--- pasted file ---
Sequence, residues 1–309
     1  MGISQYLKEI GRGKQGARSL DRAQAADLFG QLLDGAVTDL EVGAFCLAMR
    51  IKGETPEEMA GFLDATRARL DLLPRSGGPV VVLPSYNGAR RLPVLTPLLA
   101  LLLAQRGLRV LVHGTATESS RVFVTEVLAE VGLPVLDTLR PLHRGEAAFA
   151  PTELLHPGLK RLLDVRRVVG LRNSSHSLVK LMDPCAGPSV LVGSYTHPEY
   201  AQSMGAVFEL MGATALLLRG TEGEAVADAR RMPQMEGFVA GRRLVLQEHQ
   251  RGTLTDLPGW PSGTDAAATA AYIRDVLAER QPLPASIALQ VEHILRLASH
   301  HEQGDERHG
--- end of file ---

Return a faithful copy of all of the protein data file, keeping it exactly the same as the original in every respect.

Sequence, residues 1–309
     1  MGISQYLKEI GRGKQGARSL DRAQAADLFG QLLDGAVTDL EVGAFCLAMR
    51  IKGETPEEMA GFLDATRARL DLLPRSGGPV VVLPSYNGAR RLPVLTPLLA
   101  LLLAQRGLRV LVHGTATESS RVFVTEVLAE VGLPVLDTLR PLHRGEAAFA
   151  PTELLHPGLK RLLDVRRVVG LRNSSHSLVK LMDPCAGPSV LVGSYTHPEY
   201  AQSMGAVFEL MGATALLLRG TEGEAVADAR RMPQMEGFVA GRRLVLQEHQ
   251  RGTLTDLPGW PSGTDAAATA AYIRDVLAER QPLPASIALQ VEHILRLASH
   301  HEQGDERHG